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Crime networks were all operating very well long before our modern fear of globalization came to be -- "modern fear," because, as asdf pointed out, globalization is nothing new, even if it's much faster today.  Globalization has changed nothing about the drug trade except perhaps the communications.  At the end of the day, a certain group of people will want to get high, and producers will meet that demand.

The best answer we have so far to human trade, if we really want to work toward solving it, is more liberalization of immigration laws.  People shouldn't have to seek out brutal thugs who will make them slaves simply to go looking for a better life.  We should be welcoming them.  But, if I walked outside, right now, and told people -- even those who claim the throne of "moral outrage" -- that it was part of the solution, they wouldn't listen to me.  They would be angry, because I, the obnoxious liberal, believe "in lettin' them there 'furreners' take our jobs!"

People aren't buying and borrowing their way out of North Korea or Haiti because of globalization making it easier to get to China or Florida.  They would've tried to get out, anyway.  Young Asian women were being sent to Los Angeles as prostitutes long before anyone had even considered NAFTA.

These acts are carried out because of a lack of freedom and opportunity -- and, obviously (in the case of said brutal thugs), because business is apparently good.  Just as with drugs, if we'll only take away their market by opening up, they'll all fall down.  Why pay for a fake green card and a drive over the Mexican border inside the dashboard of a truck when the country you want to join will happily let you in, anyway, and even offer you help to get here and get back on your feet?

Relating poverty to environmental catastrophe is certainly reasonable, and Lord May is right to bring up Africa.  What we need is reform of institutions like the WTO, building around the focus of trade with environmental and worker rights -- ending child labor, establishing the right to organize (the right to unionize being included in that), and so on.  If countries choose to allow, for example, children (or any other workers but especially children) to be forced to work in factories under incredibly dangerous conditions, sanctions should automatically follow.  No subjective analysis.  If you commit crime A, you suffer penalty x until you've solved the problem.  Period.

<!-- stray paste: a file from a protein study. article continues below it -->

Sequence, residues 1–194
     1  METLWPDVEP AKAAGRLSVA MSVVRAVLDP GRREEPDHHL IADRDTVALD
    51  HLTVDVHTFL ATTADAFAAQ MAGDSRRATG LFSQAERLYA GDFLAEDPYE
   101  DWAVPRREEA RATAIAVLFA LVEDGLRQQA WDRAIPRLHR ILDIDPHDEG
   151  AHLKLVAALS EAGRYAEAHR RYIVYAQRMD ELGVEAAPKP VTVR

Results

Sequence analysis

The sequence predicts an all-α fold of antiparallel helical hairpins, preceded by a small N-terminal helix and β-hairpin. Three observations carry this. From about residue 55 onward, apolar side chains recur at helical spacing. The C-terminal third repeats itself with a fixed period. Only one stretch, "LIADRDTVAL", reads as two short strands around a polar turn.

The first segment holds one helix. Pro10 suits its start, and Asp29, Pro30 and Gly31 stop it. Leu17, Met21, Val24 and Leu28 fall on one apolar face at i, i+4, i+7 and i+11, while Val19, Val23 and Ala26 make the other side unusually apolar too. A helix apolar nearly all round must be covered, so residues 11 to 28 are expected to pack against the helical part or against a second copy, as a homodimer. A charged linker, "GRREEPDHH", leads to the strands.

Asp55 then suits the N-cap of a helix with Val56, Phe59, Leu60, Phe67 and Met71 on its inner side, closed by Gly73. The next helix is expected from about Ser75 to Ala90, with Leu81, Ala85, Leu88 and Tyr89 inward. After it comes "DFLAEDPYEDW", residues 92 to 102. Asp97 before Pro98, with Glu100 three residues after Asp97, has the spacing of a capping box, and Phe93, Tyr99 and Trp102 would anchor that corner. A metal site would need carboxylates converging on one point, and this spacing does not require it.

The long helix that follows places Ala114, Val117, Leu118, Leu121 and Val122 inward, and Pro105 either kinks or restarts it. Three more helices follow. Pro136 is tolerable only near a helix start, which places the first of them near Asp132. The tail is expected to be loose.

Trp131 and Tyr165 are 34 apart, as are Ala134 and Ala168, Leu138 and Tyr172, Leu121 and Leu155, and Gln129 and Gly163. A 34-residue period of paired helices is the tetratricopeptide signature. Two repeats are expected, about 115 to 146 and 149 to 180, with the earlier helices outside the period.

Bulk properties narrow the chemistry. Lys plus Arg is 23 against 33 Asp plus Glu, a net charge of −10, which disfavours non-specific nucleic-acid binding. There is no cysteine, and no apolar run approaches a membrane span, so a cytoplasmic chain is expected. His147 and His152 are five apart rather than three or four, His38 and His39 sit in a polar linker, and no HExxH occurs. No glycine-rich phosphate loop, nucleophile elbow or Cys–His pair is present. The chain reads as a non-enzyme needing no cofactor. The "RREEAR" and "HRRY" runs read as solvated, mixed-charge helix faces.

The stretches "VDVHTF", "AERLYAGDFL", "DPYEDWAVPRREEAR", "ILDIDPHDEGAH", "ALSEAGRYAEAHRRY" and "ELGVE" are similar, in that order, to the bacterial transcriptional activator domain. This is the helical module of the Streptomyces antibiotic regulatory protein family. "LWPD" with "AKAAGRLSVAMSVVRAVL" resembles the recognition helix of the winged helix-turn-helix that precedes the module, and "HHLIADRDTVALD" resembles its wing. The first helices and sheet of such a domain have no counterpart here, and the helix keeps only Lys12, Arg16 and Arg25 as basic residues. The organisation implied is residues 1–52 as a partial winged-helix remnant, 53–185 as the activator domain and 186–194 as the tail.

Globalization can be our best friend or our worst enemy.  It is what we make it.  Poor people in globalized economies were poorer prior to globalization.  (Many have made the argument to me that globalization has caused the poverty we see in the developing world.  In some cases, this is probably very true, but it is largely false.)  When Roy, the auto-worker from Michigan, loses his job at the Buick plant and cannot immediately find another job, he can go to the state and federal governments and receive at least a minimal level of help.  When Hu, the auto-worker from Guangzhou, loses his job and cannot find another one, he might not eat.  I've said it many times: A low-paying job that barely keeps the lights on every month is better than no job at all.

People in industrialized cities are China are, in some cases, buying apartments that they could never have imagined three decades ago.  Surely this is not a bad thing.  It's globalization that has allowed China to boom for so long.  It's the revenue from that boom that has allowed the government to begin looking at policies to relieve poverty and truly-massive inequality in the rural provinces.  This is a good thing.

We need to set the rules of the game on a global level, beyond the narrow scope of our current international institutions.  They only enforce what they are required to enforce.  Governments and institutions do not feel obliged to solve problems, because they are not required to do so.  And they will not be required to do so until there is a sufficient demand.  It's our choice.

Be nice to America. Or we'll bring democracy to your country.

by Drew J Jones (pedobear@pennstatefootball.com) on Tue Feb 28th, 2006 at 01:40:43 PM EST

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